This morning I opened my curtains to a familiar, yet long absent, rainy Autumn day. I love the quarterly change of seasons, but the drift from Summer to Autumn is my favourite. Don’t misunderstand me, I adore the sight of daffodils pushing their brave green scouts through the ground as Winter surrenders to Spring, and I wouldn’t miss the batton of colour being passed from Spring to Summer or the heady scent of peacocking blooms challenging for supremacy as the long days amble into unhurried evenings. But I reserve most of my contentment for Autumn.
Last week, I felt my first frisson of excitement for Autumn when I read this beautiful short story by Richard Ankers. It speaks of summer being blown aside by ‘the-season-between’ to make way for the winter snows. It describes the rust, copper, ochre and claret landscape littered with the discarded ‘punk apples’ of the sycamore trees. I urge you to read it, it will enchant you.
To me, the bliss of the season is encapsulated by the ability to sweep aside the much disdained summer wardrobe in favour of soft jumpers, fluffy socks and perfume impregnated scarves. Flimsy shoes that pained my feet with thin soles and small stones are discarded in favour of beloved boots and bouncy trainers. In a few short weeks, I will light the wood burning stove for the first time and stare at the dancing flames in my living room as the nights draw in and wrap my little home in early darkness. I will be warm, cosy and content.
At least, this is the rose tinted view I present to myself while ‘the-season-between’ approaches. What it represents in reality, in addition to the list of my favourite things above, is the realisation that I face several months of hanging giant sheets and duvet covers over internal doors because it’s too wet outside to dry them. Of catching the dog as he runs through the door to dry his paws and disastrously low undercarriage and reminding me how, when the cold mud slaps me in the face, I broke the front mudguard off my bike in a summer fit and didn’t replace it. Autumn reminds me how woefully unprepared I always am for the rainy season, how my children’s wellington boots are at least a size too small, how their raincoats somehow still only cover their elbows despite buying new ones last year and how their school shoes should have been replaced a month ago according to their wet socks.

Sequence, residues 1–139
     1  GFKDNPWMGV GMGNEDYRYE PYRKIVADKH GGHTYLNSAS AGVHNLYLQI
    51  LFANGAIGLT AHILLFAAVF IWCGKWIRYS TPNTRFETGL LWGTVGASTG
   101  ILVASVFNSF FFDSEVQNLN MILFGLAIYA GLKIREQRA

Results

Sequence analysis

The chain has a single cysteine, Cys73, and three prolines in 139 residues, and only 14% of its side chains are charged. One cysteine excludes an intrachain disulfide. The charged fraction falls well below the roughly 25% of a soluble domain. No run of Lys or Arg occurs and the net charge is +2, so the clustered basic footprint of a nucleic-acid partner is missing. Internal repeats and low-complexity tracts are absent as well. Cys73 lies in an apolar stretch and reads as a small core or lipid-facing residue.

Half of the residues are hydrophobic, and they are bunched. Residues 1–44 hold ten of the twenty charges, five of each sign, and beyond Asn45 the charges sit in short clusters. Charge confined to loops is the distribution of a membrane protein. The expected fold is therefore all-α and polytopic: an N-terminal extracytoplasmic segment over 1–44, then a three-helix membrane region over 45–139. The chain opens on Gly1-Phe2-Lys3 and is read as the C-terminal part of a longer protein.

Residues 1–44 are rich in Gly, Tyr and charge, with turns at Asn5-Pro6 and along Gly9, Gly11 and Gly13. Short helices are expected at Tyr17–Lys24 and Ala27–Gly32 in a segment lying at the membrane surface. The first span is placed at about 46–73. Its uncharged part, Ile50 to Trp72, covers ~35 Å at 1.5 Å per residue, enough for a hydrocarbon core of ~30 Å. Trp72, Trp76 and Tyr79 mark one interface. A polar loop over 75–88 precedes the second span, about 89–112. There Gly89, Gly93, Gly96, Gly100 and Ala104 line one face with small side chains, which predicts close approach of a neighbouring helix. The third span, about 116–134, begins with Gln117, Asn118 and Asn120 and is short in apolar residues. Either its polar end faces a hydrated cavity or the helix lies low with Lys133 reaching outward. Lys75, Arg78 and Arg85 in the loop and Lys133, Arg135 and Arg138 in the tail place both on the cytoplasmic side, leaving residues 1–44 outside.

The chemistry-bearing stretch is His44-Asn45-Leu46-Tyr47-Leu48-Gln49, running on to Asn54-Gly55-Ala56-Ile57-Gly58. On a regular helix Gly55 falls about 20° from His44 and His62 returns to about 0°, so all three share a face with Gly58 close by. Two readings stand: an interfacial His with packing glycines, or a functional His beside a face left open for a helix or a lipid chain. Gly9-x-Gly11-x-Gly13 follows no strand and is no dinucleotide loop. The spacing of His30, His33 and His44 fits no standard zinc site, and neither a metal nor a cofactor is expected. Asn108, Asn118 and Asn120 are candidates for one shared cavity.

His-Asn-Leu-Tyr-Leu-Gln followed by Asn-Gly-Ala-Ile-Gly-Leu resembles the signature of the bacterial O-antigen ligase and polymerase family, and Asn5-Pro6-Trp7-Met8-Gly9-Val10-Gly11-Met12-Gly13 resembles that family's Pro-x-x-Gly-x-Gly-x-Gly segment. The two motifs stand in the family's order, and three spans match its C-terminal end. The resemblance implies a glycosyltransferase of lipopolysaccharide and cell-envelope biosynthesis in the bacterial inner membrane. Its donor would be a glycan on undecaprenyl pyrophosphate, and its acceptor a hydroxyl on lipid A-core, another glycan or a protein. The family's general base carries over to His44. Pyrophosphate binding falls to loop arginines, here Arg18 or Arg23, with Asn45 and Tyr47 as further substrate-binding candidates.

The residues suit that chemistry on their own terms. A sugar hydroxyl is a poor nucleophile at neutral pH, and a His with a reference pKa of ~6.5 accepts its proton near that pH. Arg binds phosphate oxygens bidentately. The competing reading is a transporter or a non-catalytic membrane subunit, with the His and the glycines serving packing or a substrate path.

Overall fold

Despite this, Autumn truly is my favourite season, the younger, playful sibling to the harsher, bleakly beautiful winter. There is no rivalry here, no sign of the oneupmanship displayed by Spring and Summer. It exists in its own state, doing its own thing. We have no expectations, we ask it not for warmth or frost, we accept what it offers as we wait patiently for it to clear the detritus left by the excess of summer’s exploits and make way for winter, snow and Christmas. We expect the slimy layers of discarded leaves, the rotting, unpicked fruits littering the fields and the limp grasses dragging in the flowing rivers. Autumn is nature’s groundskeeper, clearing the way for a cleansing winter and the rebirth of spring, yet it goes about it’s businesses undeterred and unnoticed in its unremarkable way.
Except I notice it, I wait for it impatiently. My favourite time of year, the understated, introverted season. Perhaps there’s a reason I relate to it so.